New Years Day - Victim to Villain
Record Label: Century Media
Release Date: June 11th, 2013
New Years Day's history as a band is a pretty depressing one. Before their first album, My Dear, was released, they turned down a record deal from Pete Wentz's Decaydance Records in favor of a deal on TVT. My Dear was released, and the band seemed to be ready to break into the mainstream, with blackened pop-punk jams mixed in with smirky and coy lyricism. Their music appeared in video games, and they were landing tours with other bands that were also hitting it big. A year later, their label TVT collapsed, crippling them financially. The band went silent for nearly four years, until a major shake up (Home Grown's Adam Lorbach leaving the band) seemingly resurrected New Years Day, allowing them to try their hand again.
It makes perfect sense then, that the title of the album is Victim to Villain, which implies a transformative act within frontwoman Ashley Costello. From being knocked off the stage of Warped Tour and forced to watch as other bands in her position were able to succeed, to finally taking reign and tour the world again. With all of this pent up emotion then, why is Victim to Villain so...neutered?
The album starts with Do Your Worst, a power chord romp with some piano out of a "spooky sounds" cd you're likely to pick up at a Walgreens during Halloween. With this first track, the album would like to lead the listener to believe that the star of the show would be Costello, however the next track brings the instrumentation to the forefront, with some crunchy black metal-lite riffs presupposing that there might be a little more bite to the album. This trend continues on "Bloody Mary," where gang vocals and guitar solos are added to the mix, while Costello seems to get more comfortable and animated in her delivery.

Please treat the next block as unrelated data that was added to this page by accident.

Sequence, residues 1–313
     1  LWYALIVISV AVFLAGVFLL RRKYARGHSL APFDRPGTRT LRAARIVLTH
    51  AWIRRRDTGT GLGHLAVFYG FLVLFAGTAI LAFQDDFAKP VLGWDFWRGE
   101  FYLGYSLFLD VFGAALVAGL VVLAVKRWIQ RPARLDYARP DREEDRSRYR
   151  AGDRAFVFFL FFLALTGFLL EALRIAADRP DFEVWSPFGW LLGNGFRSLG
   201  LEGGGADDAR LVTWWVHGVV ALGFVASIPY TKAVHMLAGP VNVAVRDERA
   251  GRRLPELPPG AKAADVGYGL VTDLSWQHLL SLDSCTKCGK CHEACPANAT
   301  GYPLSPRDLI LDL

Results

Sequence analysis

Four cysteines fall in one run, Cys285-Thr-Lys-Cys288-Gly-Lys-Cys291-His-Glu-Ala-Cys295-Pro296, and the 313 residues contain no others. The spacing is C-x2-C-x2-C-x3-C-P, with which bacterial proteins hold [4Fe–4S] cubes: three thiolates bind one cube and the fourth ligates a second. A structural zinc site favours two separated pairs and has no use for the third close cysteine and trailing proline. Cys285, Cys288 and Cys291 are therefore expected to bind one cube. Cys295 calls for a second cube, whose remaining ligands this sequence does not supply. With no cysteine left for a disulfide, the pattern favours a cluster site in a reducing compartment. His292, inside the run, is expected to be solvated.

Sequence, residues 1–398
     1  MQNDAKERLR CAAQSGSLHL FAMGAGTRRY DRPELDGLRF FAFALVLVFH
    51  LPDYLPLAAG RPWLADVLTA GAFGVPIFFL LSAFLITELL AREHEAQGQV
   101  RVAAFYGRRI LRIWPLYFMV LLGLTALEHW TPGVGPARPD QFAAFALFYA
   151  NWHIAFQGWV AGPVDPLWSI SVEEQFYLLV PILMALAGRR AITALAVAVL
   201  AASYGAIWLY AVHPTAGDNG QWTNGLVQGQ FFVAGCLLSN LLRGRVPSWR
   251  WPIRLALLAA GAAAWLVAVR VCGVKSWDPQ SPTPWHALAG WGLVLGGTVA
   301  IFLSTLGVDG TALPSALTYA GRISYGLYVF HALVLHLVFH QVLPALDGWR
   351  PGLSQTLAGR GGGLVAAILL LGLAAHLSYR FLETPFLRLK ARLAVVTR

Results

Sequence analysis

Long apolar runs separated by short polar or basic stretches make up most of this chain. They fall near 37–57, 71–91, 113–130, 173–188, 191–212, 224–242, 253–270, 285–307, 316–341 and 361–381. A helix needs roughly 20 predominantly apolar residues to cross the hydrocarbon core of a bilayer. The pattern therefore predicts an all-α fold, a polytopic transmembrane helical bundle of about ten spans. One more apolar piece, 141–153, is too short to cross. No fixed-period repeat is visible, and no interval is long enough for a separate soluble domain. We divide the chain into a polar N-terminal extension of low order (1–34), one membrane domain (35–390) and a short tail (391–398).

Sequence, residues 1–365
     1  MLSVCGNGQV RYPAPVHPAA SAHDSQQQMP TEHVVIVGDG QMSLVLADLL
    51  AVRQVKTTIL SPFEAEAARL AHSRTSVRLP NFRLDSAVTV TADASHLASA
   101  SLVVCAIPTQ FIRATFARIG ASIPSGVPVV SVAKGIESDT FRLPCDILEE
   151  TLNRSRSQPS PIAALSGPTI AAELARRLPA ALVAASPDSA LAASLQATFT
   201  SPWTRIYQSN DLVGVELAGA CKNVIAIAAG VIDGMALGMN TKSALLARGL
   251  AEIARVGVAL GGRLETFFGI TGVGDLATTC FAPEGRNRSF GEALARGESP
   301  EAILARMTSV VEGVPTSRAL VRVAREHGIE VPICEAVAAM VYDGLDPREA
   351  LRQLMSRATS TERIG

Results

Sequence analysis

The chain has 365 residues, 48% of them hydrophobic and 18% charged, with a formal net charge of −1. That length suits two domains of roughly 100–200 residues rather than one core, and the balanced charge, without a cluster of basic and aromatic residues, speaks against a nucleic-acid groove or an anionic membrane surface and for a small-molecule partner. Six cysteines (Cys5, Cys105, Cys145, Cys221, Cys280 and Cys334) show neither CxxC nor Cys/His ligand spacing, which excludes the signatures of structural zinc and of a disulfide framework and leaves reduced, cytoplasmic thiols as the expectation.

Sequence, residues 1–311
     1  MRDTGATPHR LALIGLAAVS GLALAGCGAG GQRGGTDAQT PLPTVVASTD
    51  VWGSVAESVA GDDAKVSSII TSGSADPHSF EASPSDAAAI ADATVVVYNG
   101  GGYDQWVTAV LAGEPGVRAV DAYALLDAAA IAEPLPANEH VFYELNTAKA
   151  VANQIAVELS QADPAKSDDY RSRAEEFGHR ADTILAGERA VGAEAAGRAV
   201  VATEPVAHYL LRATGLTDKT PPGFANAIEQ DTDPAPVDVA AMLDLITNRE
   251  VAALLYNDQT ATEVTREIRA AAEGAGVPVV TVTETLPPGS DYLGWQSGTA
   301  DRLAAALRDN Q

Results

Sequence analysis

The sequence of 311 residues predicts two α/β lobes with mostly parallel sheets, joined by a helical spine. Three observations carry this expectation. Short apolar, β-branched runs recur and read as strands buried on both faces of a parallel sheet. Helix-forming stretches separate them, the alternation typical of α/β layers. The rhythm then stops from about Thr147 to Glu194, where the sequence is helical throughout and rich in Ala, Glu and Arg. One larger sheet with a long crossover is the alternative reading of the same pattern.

And then there's pretty much nothing of note for four tracks. There's some really dumb and out of place synths on Death of the Party, but that's about it. They all have such identical structure that leads one to believe they wrote a meandering twelve minute slush instead of four songs that stand on their own. This is curbed momentarily by the track "Angel Eyes," where Motionless In White's Chris Motionless seems to try and get the band back into it by delivering a pretty decent performance. Motionless and Costello compliment each other well, and he gets to show off his singing chops. The band seems to want to step up to the plate and throw on some heavier riffs, yet they remain somewhat restrained in this. The penultimate track "Tombstone" acts as a vocal showcase for Costello, where she displays a bit of vulnerability, though it feels a little calculated and too on the nose. The closer "Last Great Love Story" sounds like a time machine to 2006 and swoop hair cuts. It's a fun track, and it exists as a pretty decent summation of what's on the album.
While there may be some bright points on the album, on the whole, the album just doesn't have enough bite to stand out. Some may look at their image and think the band is trying too hard to be dark or evil, when really their sound isn't anywhere as sinister as it should be. There are hints in the instrumentation that the guitarists might want to do something kind of harsh, but they're just too restrained in conforming to boring verse chorus structure. Costello obviously has chops as well, but rarely challenges herself and doesn't deliver enough credibility to her lyrics.
Victim to Villain would like to imply that New Years Day is capable of murder, when in reality they sound too timid to even start a pillow fight.